Developments in Object Relations provides a highly accessible account of how British Object Relations developed in the second half of the twentieth century, focusing on the generation who took up where Klein and Winnicott left off. Complementing and building on its predecessor, An Introduction to Object Relations, it gives an overview of the development of Object Relations with special reference to the Independent and Kleinian traditions.
An introductory chapter defines the key features of Object Relations. The emergence of Object Relations is is then described theoretically from some of Freud’s papers and clinically from the controversial work of Sandor Ferenczi. Similarities and divergences between Kleinian and Independent approaches are considered in detail through the close examination of the work of a key practitioner from each approach, and other significant contributions. Gomez brings clarity to a complex field, discussing what is powerful and problematic about the two main strands in British psychoanalysis. Kleinian and Independent approaches are consistently compared and contrasted, so that readers can develop a clear idea of each. Rather than preferring one to the other, they are presented as different approaches to what is fundamental in psychoanalysis. Chapters on Bion and Masud Khan bring the work of each tradition to life in a fascinating and informative way. Gomez concludes by summarising the claim of psychoanalysis to offer a new way of understanding human reality, particularly useful for readers interested in her second book, The Freud Wars.
Developments in Object Relations will be of great help to psychoanalysts and psychotherapists who work psychoanalytically, particularly those in the process of training, those who have recently qualified and those who are rethinking their position on the different, strongly-held views they encounter. This book is particularly timely when psychoanalytic approaches are under attack from treatments claiming to offer quicker and easier solutions.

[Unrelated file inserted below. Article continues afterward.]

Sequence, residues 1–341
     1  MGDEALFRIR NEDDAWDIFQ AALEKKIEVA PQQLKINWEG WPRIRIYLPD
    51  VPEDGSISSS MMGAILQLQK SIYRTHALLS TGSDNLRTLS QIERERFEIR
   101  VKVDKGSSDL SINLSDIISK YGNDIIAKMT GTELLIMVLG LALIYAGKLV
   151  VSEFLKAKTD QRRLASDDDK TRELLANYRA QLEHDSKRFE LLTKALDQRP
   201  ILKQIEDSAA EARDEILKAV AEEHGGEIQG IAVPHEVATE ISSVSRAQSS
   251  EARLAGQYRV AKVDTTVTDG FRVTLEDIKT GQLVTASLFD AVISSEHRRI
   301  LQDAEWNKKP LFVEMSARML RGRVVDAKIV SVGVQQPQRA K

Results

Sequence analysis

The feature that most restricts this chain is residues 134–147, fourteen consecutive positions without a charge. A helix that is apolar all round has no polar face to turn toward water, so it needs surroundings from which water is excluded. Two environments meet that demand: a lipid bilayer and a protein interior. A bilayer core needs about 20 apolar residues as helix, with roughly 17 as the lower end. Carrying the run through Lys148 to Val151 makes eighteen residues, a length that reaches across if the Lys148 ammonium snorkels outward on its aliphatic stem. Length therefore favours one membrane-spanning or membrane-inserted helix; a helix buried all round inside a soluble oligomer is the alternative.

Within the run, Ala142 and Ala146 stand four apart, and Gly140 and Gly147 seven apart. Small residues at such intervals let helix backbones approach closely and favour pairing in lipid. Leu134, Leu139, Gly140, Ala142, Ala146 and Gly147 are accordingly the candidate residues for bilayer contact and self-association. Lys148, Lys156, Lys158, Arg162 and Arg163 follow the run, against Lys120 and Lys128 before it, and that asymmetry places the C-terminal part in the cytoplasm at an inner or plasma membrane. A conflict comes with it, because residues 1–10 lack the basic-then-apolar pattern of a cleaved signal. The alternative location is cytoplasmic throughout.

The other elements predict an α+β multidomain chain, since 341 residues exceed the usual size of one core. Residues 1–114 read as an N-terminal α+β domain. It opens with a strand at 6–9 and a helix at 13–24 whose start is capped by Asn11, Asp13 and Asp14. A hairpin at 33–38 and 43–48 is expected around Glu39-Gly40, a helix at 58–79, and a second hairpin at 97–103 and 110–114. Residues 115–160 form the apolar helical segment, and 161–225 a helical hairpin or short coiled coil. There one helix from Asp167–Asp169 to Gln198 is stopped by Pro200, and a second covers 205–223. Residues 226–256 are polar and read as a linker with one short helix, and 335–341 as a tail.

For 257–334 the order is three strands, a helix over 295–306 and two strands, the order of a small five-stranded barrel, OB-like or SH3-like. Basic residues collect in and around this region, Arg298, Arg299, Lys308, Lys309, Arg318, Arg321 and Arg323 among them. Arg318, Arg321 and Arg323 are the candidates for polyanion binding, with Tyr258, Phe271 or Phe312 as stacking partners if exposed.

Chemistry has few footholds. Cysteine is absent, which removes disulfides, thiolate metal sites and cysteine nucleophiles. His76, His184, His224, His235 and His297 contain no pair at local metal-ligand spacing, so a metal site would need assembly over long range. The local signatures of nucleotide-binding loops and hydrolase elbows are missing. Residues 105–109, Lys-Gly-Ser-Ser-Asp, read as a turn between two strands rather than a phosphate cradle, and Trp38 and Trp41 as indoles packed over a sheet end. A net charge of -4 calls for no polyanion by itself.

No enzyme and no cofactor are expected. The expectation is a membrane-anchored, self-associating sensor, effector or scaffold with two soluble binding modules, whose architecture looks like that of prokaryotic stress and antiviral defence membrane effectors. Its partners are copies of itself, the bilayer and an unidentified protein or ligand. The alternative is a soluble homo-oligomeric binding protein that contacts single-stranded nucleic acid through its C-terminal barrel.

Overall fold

"Like her previous Introduction to Object Relations, Lavinia Gomez's new book offers excellent guidance for anyone who seeks to get a handle on this important aspect of the British psychoanalytic tradition. In focussing on a select few contributors whose ideas are presented and discussed with great lucidity, Gomez manages to give a most useful account of the development of Object Relations theory and practice. The subtlety and complexity of her writing – as it is perhaps best exemplified by her re-assessment of 'the case' of Masud Khan – makes this book a pleasure to read."-Werner Prall, Ph.D, Senior Lecturer, Centre for Psychoanalysis, Middlesex University and The Guild of Psychotherapists, London.
"Lavinia Gomez describes developments in psychoanalytic thought and technique in Post War Britain. Linking the intellectual and personal biographies of central figures in the Kleinian and Independent groups, she shows how the commonalities and differences within schools of thought converge into a rich body of contemporary psychoanalytic practice. Her accomplished synthesis is interesting, accessible and erudite."-Gabrielle Brown, Adult Psychotherapist, Portman Clinic, Tavistock and Portman NHS Trust, London.
"This book is a stimulating read with both informative and thought provoking content. In a clear, concise style, Gomez describes and comments on the historical emergence of object relations theory and the contrasting approaches that developed from it. Controversial differences are depicted between Klein/Winnicott /Bion/and Khan in an impressive overview and she creatively explores several further developments. Fascinating details about the analysts’ lives, set against the backcloth of the psychoanalytic world, connect the reader with the personalities behind the theories."-Anna Bravesmith, (BPC, BAPPS), practising Jungian analyst, trainer and supervisor, member of the Society of Analytical Psychology.
"What first struck me about this book was the author’s love for psychoanalysis. Gomez engages deeply and methodically with her subject, offering an original slant as well a valuable overview of Object Relations in the later twentieth century. Linking theoretical and personal aspects of practitioners and their work, together with absorbing case material, means the book will be helpful to experienced clinicians as well as those newer to the field. It is a good resource for all therapists to have in their library, and a must for those involved in teaching. The book is clearly structured, well thought through and highly readable."-Margot Schiemann, MA, Psychotherapist, Supervisor and Teacher, Training Group Analyst with the Institute of Group Analysis.
Chapter 1: Introduction
Chapter 2: Beginnings
Chapter 3: The Kleinian and Independent Frameworks
Chapter 4: Wilfred Bion and his Development of Psychoanalysis
Chapter 5: Further Kleinian Developments
Chapter 6: Masud Khan and the British Psycho-Analytical Society
Chapter 7: Further Independent Developments
Chapter 8: Approaches to Practice